I’ve been to the Sahara restaurant in Richardson when the staff sits down at the end of the night, sharing a family meal – tea served in glasses and plates full of mouth-watering things – Persian pop music swirling around ‘them. And I realize, in that moment, that they might be the luckiest people in town.
The family who have owned the place for 17 years graciously take care of the fine details of a sophisticated kitchen that is notoriously hard to find – and even harder to find like this one. The menu is built around owner Bahman Derakhshan’s family recipes from Tehran, which are beautifully executed. And while he may seem humble on the outside, sandwiched between companies that will offer you loans, car insurance, a foot massage or personalized cakes, his traditional Persian recipes come from a long-established adept culture. date of sophisticated banquets: stuffing birds with rice and swirling gold in aromatic saffron-infused rice.
The tabbouleh is speckled deep emerald green with parsley. Dolmas are soft, give in and give more than they resist. There’s mint cucumber yogurt. The feta is musky and the Sahara potato salad – with Persian pickles and shredded chicken, creamy, garlicky and wonderful – has flavor. All are perfect expressions of Persian cuisine, to be assembled (prices are affordable) and shared. And there’s no doubting the eggplant dip, kashk-e bademjan, with caramelized onions and a tantalizing musky taste of whey. Once you’ve had it, the memory flies through your head for days.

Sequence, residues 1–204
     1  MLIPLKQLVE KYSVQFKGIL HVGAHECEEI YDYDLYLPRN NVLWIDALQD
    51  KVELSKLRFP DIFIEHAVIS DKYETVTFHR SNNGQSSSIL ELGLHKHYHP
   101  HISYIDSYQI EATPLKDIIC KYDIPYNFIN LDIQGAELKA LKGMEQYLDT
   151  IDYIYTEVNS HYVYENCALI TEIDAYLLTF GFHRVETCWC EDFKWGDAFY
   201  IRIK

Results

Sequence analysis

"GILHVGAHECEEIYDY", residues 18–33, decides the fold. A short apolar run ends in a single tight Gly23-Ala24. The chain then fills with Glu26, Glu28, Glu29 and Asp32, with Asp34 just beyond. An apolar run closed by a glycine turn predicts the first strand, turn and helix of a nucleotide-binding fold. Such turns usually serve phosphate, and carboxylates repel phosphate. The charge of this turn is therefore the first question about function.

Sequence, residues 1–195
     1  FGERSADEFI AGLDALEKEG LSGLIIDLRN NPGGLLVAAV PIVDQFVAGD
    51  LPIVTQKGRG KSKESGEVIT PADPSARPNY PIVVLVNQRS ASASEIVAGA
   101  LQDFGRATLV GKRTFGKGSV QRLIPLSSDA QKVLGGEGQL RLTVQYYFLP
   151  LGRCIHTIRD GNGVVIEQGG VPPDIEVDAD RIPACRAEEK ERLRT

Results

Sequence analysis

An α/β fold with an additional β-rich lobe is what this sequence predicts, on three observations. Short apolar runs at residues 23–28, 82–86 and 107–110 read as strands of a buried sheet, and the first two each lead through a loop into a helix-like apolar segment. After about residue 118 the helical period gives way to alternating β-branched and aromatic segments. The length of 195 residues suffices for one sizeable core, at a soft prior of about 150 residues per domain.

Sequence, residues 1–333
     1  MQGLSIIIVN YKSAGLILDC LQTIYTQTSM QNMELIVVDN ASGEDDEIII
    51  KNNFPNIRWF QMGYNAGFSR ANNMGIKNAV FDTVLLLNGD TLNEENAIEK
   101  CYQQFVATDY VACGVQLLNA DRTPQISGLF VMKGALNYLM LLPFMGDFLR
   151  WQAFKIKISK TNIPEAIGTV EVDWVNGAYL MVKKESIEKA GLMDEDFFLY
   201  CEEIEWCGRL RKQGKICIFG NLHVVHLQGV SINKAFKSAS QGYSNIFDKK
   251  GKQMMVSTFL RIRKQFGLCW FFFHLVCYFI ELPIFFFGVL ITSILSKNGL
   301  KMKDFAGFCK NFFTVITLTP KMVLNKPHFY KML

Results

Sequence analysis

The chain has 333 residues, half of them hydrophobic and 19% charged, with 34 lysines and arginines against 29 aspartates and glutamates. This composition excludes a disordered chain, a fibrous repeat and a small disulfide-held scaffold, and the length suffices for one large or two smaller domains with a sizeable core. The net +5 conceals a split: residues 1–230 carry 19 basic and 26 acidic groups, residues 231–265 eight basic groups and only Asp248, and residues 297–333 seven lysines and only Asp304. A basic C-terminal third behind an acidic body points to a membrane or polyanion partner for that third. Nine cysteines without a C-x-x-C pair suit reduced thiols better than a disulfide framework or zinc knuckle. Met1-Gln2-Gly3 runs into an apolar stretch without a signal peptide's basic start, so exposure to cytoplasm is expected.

At lunch, a buffet includes the mounds of fire-kissed skewers. But at dinner, the whole flame-grilled Cornish hen, which the menu calls chicken anari, and unlike anything I’ve seen in other Persian restaurants, is reason enough to come. Ask for it accompanied by the barberry saffron rice, which is spellbinding, each fine grain plump with fragrance. It has tiny barberries – tart lollipops – and streaks of golden saffron. In this dish delight, the grilled tomatoes gently crumble and the centerpiece, the poultry, is moist and nicely blackened. A sweet and tangy pomegranate molasses sauce hugs the flame-grilled meat. Like sour candies, caramelized onions add twang.
As in places such as the far more lavishly decorated Kasra, you can get typical Persian stews: dark and brooding gorhesabzi, with herbs, beef and beans; or gheimeh bademjan, the one with lentils, tomatoes and eggplant. They have tadik, crispy rice in the bottom of a pan, for those who know how to ask for it. But not on the evening I visited recently. Would it come out as the perfect crusted golden dome? Most likely. And always the sabzi: whole herbs give life to a meal.
Sip the homemade yogurt drink, the doogh, speckled with dried mint. It’s not over: there are homemade saffron ice cream studded with pistachios, humble, but good, like unconstrained hospitality. Sahara is also a store with a street cart and well-stocked shelves. You want to come back. What you can, tomorrow, for the lunch buffet.